‘Making Noise’ Is Key to Breaking Down Institutional Silence on Sexual Assault

Denise Krepp, B.A. ’95, says she was forced out of the government for trying to investigate how the Merchant Marine Academy handles sexual assault.

Denise Krepp
Denise Krepp, B.A. ‘95, said she felt ethically obligated as chief counsel for the U.S. Maritime Administration to request an investigation into how the Merchant Marine Academy handles cases of sexual misconduct. (William Atkins/ GW Today)
September 13, 2017

By Kristen Mitchell

The most significant thing sexual assault survivors and advocates can do to pursue justice is create a paper trail, said Denise Krepp, B.A. ‘95 and former chief counsel for U.S. Maritime Administration. Documenting harassment, assault and contacts with people in power will help the press and ethical government officials investigate crimes that frequently go unreported.

At the Elliott School of International Affairs Tuesday Ms. Krepp explained how she oversaw counsel for the Merchant Marine Academy, a military academy, in September 2011 when a student whistleblower came forward to report incidents of sexual assault. Ms. Krepp requested the Office of Inspector General within the Transportation Department, who oversees the Maritime Administration, launch an investigation into the school’s handling of sexual misconduct.

Ms. Krepp, a political appointee, was doing what she thought was ethical, but quickly found herself on the other end of an angry phone call from the secretary of transportation who forbid her to move forward with the request. Months later she was told to resign or she would be fired. Since leaving the government, Ms. Krepp, a former Coast Guard officer, has been speaking out about underreported and mishandled sexual assault cases in military academies.

Ms. Krepp spoke at the Elliott School about her experience and gave tips to help advocates and survivors build the best possible cases. The event, titled “Sexual Assault at a Federal Service Academy, a Whistleblower's Perspective,” was part of the “Why Ethics Matter” speaker series.

Ms. Krepp kept copies of the Merchant Marine Academy whistleblower’s complaint, even though she was barred from investigating the reported assault. When she left she was able to share that information—and how the investigation was stifled—to advocate for change.

Young people today are effective at speaking out about difficult issues, but they need to focus on keeping documentation that will make their stories credible in the eyes of congressional leaders and the media, she said.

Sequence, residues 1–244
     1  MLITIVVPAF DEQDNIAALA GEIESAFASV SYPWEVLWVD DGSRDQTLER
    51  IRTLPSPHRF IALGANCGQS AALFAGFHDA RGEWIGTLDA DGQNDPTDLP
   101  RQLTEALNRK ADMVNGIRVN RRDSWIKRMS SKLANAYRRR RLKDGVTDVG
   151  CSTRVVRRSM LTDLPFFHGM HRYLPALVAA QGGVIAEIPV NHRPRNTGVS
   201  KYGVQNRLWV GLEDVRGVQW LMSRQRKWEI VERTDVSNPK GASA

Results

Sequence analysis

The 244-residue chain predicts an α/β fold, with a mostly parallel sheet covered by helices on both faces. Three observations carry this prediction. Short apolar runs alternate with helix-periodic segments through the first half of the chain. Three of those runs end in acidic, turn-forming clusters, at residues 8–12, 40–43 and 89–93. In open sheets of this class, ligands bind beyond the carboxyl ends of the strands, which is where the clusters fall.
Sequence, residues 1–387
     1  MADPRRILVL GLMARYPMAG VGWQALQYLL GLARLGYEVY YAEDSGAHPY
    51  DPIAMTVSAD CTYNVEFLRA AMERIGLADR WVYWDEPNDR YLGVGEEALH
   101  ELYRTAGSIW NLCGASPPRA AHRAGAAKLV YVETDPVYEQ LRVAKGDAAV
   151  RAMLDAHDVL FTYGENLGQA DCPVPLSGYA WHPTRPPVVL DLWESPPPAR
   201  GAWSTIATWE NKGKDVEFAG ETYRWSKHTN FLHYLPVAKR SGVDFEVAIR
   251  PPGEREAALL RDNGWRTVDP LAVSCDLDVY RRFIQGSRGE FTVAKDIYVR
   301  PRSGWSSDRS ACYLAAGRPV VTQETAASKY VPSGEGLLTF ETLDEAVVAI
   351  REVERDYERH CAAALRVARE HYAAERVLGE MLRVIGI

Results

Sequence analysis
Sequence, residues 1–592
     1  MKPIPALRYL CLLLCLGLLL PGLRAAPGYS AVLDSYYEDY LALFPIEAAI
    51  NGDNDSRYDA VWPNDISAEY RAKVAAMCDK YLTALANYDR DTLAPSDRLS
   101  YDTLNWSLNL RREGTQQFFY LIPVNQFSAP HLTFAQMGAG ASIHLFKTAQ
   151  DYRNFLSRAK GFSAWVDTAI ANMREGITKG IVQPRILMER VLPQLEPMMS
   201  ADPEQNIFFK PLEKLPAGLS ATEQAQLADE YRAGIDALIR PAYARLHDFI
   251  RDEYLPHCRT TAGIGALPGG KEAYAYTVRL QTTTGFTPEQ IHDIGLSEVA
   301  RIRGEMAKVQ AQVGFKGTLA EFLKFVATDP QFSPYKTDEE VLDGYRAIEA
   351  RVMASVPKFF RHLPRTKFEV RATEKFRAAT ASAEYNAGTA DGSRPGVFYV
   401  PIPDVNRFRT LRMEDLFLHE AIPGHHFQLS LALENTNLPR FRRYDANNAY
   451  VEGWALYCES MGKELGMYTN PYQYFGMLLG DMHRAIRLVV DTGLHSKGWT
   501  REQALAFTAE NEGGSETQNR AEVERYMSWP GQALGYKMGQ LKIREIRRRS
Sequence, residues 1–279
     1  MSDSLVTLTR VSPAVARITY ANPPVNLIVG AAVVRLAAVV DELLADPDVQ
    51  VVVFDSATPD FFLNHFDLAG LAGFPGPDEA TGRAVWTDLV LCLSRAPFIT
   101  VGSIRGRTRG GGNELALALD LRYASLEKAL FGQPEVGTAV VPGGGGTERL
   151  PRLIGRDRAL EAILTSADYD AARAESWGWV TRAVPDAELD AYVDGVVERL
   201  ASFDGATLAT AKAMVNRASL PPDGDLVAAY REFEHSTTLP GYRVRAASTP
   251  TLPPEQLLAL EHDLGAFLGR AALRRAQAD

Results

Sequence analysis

“Your generation is being much more upfront, you’re talking, you’re saying things. But in addition to talking you need to document, Ms. Krepp said. “You have to keep the documentation so that you can share it with the press. You have to keep the documentation so that you can share it with members of Congress. Without that documentation, regardless of what it looks like, people have a hard time believing you.”

Advocates should ask for raw data—not simply compiled reports— to get a full picture of what is happening in a city or college campus. Many sexual assault cases are handled through settlement agreements, so advocates should also look at how much money an organization sets aside for these, Ms. Krepp said.

Stakeholders should seek out public officials like Sen. Kirsten Gillibrand, D-N.Y., who are already speaking about these issues and will be sympathetic to the issue. They should contact reporters who cover these issues to provide them information they want publicized, Ms. Krepp said.

Ms. Krepp started talking about military academy cases publically in 2012 and 2013, she said. It wasn’t until 2016 and this year she started to see things change.

“You have to be prepared to have these conversations over and over and over again,” she said.

Progress on the issue of sexual assault and harassment is slow, Ms. Krepp said. It often feels like you are just making noise, but it is important for passionate people to continue taking up this fight, she said.

“Absent the noise, it keeps on going, and you have more victims, and you have more people who are traumatized,” Ms. Krepp said.

In military academies in particular, students are worried about how speaking out about harassment and assault will impact their careers. As chief counsel for the Maritime Administration Ms. Krepp said she would hear about incidents on campus, but students rarely wanted to report or discuss them.

Military leadership tends to be a small community, she said, and scandals would follow individuals throughout their careers. It can be difficult to balance wanting to make noise about assault and students’ desire to move forward without being defined by a single incident.

Survivors often cope with the emotional trauma of sexual assault long after graduation, Ms. Krepp said.

“It not only harms them and their psyche, and it hurts their ability to have trust in others, but it hurts their spouses. It hurts their children, and that is something that has to stop. That is why I believe in the noise,” she said. “We cannot ask people to go into the military, we cannot ask them to do certain things, put them in this situation and then dump them like trash.”

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